Judicial Watch earned a victory in court on August 4 in its pursuit of documents related to the Obama administration’s Black Panther scandal. (This gets a bit technical, so hang with me.)
In short, a federal court rejected a claim of the “attorney work-product doctrine” by the Department of Justice (DOJ) for documents prepared after the government dismissed its case against the New Black Panther Party for Self Defense on May 15, 2009. (The work-product doctrine shields materials prepared in anticipation of litigation from release. The Obama administration was using it to try to protect documents sought by JW through the Freedom of Information Act (FOIA) and a related lawsuit.)
Several members of the New Black Panther Party were accused of engaging in voter intimidation during the 2008 presidential campaign.
In his August 4, 2011, decision, U.S. District Judge Reggie B. Walton rejected the Obama DOJ’s arguments that documents prepared after the government dismissed its case (against the Black Panthers on May 15, 2009) could be withheld under the “attorney work-product privilege” exemption. Judge Walton explained:
Although an injunction remains in place in the New Black Panther Party case…the filing of the motion for voluntary dismissal largely marked the end of the litigation. As such, the documents prepared subsequent to that event were not prepared in contemplation of litigation and are thus outside the scope of the work-product privilege.
Because the case had essentially ended on May 15, 2009, Judge Walton found that “it is difficult to see how” the 24 documents created after May 15, 2009, “were prepared or obtained because of the prospect of litigation, which is the testing question the Court must answer in evaluating the DOJ’s work-product claim.”
Although Judge Walton found that the DOJ improperly withheld the 24 documents under the attorney work product doctrine, he concluded that the documents were properly withheld under the deliberative process privilege. (This is the exemption that intends to protect the internal processes of the executive branch. The idea is that by guaranteeing confidentiality, the government is in a better position to receive candid advice and recommendations. In our experience, the government often uses this privilege broadly and inappropriately to stonewall the release of information to the public.)
Judge Walton also found that the DOJ failed to satisfy its burden of showing that the 24 documents may be withheld in their entirety. Under the deliberative process privilege, the DOJ may only withhold information that is “predecisional and deliberative.” Judge Walton explained:
As it stands now, the description of the DOJ’s segregation efforts is too general for the Court, and the plaintiff, to evaluate whether any factual material in these documents is ‘inextricably intertwined’ with the deliberative material and would thus permit the DOJ to withhold the documents in their entirety.
Judge Walton provided the DOJ a second chance to satisfy its burden by submitting “a renewed motion for summary judgment accompanied by a declaration or other documentation that solely addresses the segregability issue.”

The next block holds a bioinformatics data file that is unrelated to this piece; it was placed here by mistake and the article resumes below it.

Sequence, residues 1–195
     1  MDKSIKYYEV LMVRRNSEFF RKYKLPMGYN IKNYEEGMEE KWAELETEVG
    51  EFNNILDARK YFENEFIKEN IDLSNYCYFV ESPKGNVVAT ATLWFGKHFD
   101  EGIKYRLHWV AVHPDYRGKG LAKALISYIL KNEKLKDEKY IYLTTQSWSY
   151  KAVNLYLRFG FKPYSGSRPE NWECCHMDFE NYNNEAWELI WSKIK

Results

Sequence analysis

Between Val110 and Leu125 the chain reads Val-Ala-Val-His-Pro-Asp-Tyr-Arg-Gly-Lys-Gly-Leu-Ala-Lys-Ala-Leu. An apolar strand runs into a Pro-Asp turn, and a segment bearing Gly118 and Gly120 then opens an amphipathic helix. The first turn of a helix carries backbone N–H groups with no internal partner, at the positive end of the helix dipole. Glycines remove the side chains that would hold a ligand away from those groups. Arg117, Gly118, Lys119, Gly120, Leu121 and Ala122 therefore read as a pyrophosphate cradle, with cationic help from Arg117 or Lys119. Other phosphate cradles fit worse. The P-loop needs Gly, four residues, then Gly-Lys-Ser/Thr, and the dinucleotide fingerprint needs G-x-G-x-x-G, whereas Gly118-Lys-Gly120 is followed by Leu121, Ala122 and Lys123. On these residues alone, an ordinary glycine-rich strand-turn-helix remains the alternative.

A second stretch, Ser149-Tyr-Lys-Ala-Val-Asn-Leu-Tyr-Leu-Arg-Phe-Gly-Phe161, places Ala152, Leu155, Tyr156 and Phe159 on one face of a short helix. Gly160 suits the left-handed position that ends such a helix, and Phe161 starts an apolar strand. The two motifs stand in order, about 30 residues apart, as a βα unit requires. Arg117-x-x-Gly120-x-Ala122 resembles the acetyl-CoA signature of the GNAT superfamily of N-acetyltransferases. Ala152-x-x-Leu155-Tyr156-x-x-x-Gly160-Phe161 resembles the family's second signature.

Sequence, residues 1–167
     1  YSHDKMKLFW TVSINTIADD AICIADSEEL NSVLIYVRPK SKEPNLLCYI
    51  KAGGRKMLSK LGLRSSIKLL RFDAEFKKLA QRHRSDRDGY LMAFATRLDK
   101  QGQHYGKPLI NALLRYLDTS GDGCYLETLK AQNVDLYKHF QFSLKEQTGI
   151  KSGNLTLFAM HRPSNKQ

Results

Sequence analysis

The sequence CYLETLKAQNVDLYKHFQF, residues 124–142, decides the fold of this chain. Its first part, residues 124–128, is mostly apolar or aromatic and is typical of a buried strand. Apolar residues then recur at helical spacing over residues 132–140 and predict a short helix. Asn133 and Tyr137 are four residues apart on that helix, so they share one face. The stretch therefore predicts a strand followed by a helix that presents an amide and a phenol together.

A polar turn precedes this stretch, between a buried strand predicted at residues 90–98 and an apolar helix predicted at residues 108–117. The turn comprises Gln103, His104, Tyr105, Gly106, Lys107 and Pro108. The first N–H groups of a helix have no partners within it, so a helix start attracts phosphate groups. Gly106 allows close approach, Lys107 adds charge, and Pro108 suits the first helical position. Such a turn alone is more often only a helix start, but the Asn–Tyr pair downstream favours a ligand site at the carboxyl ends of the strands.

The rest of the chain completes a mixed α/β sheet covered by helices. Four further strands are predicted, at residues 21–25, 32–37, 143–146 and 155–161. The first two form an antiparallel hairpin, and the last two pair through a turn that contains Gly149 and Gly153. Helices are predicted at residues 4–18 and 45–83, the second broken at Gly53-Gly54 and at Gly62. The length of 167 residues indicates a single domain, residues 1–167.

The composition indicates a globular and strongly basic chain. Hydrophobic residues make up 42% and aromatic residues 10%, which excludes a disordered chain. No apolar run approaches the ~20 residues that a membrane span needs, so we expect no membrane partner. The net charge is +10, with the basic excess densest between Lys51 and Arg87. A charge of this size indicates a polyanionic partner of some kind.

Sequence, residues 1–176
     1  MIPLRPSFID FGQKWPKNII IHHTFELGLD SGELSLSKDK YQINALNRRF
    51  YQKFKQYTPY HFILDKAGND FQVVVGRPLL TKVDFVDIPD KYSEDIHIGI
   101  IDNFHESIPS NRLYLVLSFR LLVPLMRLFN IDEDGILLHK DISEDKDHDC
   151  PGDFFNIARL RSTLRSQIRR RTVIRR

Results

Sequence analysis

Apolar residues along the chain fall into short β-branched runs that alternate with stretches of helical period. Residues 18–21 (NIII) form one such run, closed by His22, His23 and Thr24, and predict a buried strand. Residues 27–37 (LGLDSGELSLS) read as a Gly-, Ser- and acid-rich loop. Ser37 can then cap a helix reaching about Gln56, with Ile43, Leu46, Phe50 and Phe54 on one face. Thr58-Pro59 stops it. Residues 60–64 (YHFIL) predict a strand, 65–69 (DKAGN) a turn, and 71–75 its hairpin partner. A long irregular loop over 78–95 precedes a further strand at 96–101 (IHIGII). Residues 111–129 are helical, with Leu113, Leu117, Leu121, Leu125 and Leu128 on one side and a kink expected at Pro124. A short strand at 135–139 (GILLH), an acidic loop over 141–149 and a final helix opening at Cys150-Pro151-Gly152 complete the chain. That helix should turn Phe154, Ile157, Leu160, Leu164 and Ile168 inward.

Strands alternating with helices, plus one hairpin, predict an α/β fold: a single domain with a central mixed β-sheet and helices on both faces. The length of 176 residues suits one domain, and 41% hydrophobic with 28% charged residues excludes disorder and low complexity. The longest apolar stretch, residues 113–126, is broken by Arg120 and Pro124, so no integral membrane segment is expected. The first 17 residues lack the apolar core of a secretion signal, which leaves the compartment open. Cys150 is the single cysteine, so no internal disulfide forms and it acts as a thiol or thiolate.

(The DOJ’s renewed motion for summary judgment is due September 30, 2011. Judge Walton hopes to rule by February 3, 2012.)
Importantly, Judge Walton also stated that if the Obama DOJ fails to “provide adequate detail regarding why these documents cannot be segregated, the DOJ will be required to disclose the non-exempt portions to [Judicial Watch].”
So additional documents could be forthcoming, which would help Judicial Watch to complete the public record on this race-tinged scandal.
Let’s review what we know so far…
According to a DOJ document previously produced to Judicial Watch, top political appointees at the DOJ were involved in the decision to dismiss its voting rights case against the New Black Panther Party, including Associate Attorney General Thomas Perrelli, the third highest ranking official at the Obama DOJ.
Attorney General Eric Holder also received “an update on a planned course of action in the NBPP” from Acting Assistant Attorney General Loretta King dated May 12, 2009, just three days before the case was dismissed, according to a Vaughn index uncovered by Judicial Watch. (A Vaughn index describes documents being withheld from disclosure under FOIA and the basis for the withholdings.)
The documents JW uncovered through this Vaughn index include descriptions of internal DOJ email correspondence that directly contradict sworn testimony by Thomas Perez, Assistant Attorney General for the Civil Rights Division, who testified before the U.S. Commission on Civil Rights that no political leadership was involved in the decision.
So now you see why it is so important to force the release of as much information as possible about this scandal, and to find out why the Obama administration is going to such extraordinary lengths to shield this information from the public.
We already know the Obama administration’s claim that political appointees were not involved in this decision is patently false. And now DOJ officials continue to fight tooth-and-nail to stonewall the release of additional information. What else do they have to hide? This new court ruling means that we may pry loose some additional information on this voter intimidation scandal and perhaps get to the truth in the matter.
Of course, one of the major discoveries emerging from this scandal is the Obama DOJ’s racist and preferential application of civil rights laws. And if you’d like to know more about this problem, then please read on.